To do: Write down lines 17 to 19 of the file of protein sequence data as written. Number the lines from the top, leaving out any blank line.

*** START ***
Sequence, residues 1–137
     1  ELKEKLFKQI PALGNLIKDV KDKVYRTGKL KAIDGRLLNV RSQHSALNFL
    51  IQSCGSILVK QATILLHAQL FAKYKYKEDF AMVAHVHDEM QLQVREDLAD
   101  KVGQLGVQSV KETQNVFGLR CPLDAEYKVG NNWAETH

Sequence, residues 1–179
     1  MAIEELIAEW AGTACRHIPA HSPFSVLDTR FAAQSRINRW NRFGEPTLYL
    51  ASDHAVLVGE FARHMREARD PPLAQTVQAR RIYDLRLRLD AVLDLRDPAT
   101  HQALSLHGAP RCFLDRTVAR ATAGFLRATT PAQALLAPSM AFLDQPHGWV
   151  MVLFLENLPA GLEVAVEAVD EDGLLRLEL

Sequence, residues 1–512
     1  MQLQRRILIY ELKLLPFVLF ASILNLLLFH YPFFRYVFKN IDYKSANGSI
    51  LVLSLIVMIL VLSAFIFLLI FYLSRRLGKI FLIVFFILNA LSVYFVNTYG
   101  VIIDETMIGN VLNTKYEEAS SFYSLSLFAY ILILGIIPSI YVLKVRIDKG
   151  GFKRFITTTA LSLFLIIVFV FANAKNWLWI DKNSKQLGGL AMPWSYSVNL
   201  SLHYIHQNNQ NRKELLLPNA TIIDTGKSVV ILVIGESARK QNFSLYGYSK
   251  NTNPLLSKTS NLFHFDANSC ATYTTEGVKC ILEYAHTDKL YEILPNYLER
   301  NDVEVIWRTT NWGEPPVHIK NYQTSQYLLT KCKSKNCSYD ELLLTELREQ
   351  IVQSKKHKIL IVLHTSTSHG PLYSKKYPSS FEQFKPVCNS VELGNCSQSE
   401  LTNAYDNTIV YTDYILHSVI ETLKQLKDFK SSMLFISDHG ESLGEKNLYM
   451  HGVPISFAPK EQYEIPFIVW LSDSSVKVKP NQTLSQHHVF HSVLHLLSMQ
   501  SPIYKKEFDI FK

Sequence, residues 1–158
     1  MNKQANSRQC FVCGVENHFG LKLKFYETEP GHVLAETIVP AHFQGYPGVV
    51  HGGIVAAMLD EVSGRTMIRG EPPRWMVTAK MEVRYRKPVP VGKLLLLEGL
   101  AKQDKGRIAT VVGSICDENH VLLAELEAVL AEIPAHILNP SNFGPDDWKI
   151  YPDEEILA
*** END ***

   301  NDVEVIWRTT NWGEPPVHIK NYQTSQYLLT KCKSKNCSYD ELLLTELREQ
   351  IVQSKKHKIL IVLHTSTSHG PLYSKKYPSS FEQFKPVCNS VELGNCSQSE
   401  LTNAYDNTIV YTDYILHSVI ETLKQLKDFK SSMLFISDHG ESLGEKNLYM